Pets Magazine

Seven Tips For Traveling With Fido

By Healthytravelblog @healthytravel1

Seven Tips For Traveling With FidoLast week, dog lovers spent a couple nights watching the Westminster Dog Show, watching as Malachy the Pekingese took home “Best in Show.”

It’s an example that Americans seem to be more attached to their pets than ever before. Certainly, the number of people traveling with their pets – even internationally – is on the rise. Many people feel as if their pet is a full-fledged family member, so bring them along on jaunts around the globe only seems natural.

Which raises the question of how best to travel with your dog, cat, goldfish, or whatever pet is near and dear to your heart.

Apparently, the answer is not Pet Airways.

But here are some helpful tips to make sure your pet’s health and safety are taken care of – and that your stress levels don’t get too high:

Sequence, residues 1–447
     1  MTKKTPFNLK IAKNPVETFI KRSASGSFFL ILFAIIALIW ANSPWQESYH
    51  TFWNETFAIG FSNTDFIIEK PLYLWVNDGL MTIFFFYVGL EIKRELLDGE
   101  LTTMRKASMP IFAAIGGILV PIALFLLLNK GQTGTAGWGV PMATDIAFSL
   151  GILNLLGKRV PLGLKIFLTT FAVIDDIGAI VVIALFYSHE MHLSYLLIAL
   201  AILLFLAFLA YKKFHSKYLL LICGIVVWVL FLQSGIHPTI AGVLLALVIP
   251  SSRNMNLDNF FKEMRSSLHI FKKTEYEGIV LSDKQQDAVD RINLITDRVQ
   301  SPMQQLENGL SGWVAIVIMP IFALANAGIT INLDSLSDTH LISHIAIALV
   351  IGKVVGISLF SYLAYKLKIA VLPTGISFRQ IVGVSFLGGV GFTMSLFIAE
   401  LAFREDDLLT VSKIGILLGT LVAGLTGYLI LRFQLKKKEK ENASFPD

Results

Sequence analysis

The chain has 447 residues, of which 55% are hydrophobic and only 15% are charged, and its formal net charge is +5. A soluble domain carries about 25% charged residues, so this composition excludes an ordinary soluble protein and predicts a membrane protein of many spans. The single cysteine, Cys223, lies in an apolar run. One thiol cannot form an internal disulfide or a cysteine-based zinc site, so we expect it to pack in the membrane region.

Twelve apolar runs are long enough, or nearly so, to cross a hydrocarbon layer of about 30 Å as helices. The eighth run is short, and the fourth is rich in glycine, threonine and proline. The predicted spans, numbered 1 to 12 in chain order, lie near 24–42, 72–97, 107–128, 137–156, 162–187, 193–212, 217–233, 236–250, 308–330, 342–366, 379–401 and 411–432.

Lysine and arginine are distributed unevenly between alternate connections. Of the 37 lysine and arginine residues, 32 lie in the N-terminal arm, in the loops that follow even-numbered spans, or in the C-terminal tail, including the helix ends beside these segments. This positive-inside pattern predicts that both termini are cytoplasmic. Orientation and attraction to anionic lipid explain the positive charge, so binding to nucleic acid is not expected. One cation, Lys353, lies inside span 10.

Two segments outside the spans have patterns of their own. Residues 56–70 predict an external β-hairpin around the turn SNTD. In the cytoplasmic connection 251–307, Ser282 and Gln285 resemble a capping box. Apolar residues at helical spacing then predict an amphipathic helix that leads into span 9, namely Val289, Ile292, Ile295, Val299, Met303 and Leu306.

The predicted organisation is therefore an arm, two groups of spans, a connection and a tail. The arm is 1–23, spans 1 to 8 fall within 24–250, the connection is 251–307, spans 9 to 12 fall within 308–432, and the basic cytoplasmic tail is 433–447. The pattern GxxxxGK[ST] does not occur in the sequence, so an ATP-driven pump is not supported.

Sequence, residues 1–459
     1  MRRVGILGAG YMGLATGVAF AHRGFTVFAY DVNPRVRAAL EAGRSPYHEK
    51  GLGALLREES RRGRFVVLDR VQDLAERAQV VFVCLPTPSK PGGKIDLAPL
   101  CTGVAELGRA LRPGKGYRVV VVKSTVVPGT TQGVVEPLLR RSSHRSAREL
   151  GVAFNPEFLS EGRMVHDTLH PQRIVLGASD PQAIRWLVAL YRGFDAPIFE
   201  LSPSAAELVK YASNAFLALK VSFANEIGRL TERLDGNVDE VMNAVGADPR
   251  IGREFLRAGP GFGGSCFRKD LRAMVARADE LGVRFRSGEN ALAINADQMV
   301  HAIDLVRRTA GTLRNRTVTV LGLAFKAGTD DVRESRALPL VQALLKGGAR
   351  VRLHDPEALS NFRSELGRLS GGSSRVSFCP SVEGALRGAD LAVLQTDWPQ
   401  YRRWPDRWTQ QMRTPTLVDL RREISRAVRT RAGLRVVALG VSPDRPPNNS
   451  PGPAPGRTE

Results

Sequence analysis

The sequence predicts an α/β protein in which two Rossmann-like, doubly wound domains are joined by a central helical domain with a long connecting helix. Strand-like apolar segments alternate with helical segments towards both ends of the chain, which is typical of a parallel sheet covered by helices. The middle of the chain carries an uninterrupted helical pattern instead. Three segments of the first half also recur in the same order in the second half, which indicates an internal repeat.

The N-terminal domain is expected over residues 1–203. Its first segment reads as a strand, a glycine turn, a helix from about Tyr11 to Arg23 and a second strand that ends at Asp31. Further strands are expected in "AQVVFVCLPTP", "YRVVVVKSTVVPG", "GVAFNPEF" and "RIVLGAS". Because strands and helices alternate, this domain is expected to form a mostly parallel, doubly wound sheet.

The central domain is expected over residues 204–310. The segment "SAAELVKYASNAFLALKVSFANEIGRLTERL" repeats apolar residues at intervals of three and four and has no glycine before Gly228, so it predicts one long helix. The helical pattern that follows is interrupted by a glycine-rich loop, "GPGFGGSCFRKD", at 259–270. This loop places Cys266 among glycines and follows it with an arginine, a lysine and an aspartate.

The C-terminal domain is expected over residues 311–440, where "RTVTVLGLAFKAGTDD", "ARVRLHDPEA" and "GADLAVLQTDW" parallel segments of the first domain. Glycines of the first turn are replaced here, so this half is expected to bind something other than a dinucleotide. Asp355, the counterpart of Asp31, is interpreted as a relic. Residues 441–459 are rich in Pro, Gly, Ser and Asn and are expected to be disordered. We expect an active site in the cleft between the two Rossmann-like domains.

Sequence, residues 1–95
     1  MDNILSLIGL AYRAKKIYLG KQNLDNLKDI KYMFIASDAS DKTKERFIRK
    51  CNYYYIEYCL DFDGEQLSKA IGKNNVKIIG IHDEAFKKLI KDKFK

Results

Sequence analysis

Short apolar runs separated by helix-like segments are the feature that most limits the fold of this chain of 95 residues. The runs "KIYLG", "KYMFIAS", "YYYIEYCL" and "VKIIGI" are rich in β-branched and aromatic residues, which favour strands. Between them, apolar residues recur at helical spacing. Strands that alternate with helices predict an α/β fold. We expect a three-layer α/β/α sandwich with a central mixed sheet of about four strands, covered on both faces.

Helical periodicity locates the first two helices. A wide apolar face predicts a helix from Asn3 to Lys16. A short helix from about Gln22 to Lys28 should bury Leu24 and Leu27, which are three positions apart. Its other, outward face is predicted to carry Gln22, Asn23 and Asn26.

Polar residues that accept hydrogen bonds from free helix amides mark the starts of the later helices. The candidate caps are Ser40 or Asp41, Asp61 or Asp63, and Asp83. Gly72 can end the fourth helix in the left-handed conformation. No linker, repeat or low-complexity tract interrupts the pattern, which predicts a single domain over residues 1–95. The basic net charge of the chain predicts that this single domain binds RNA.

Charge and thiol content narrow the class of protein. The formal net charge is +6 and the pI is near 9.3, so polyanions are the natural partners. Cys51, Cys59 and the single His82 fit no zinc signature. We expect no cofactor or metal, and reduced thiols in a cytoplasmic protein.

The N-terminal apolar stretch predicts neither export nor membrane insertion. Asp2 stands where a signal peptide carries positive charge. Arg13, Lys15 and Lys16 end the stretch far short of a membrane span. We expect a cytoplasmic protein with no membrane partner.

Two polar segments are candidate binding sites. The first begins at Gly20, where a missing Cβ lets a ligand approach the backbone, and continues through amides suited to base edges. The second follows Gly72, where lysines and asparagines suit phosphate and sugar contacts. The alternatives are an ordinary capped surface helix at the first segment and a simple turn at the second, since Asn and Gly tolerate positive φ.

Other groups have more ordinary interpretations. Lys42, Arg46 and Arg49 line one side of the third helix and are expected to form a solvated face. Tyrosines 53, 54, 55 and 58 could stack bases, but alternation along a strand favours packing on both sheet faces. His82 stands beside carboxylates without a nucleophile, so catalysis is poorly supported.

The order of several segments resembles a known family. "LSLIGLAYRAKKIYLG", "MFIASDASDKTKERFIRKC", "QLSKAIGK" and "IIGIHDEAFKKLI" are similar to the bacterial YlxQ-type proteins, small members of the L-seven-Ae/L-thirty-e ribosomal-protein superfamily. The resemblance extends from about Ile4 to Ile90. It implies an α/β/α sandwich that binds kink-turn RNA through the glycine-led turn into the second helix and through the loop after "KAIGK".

1. Before you make any decisions, run the idea by your veterinarian. He or she will have an idea whether your pet has a temperament suitable to travel, and whether they’re healthy enough.
  2. Make sure vaccines are up to date.
  3. Consider a microchip, or at least an ID collar and tag. It’s a big world out there, and if you’re halfway around the globe, it isn’t reasonable to expect Rover to find his way home.
  4. Don’t think you’re going to be doing this next week. There is a lot of planning – and paperwork – that needs to be done before you hop on the plane.  Many of the documents for international travel must be signed by a certified USDA veterinarian.
  5. Check with your airline ahead of time to see what regulations and fees they have.
  6. Call ahead to your hotel(s) to confirm that they’re pet-friendly. Assuming they are, find out what kind restrictions and fees they may have. Also, try to get a room on the ground floor so your pet can get outside quickly if need be.
  7. Pamper your pet. Bring along the bed or blankets they sleep on, and be sure to have plenty of high-value treats.

Remember – you’re not just trying to lower your stress level; you also need to minimize his or her stress.

After all, dogs are people too.

Photo by dichohecho.


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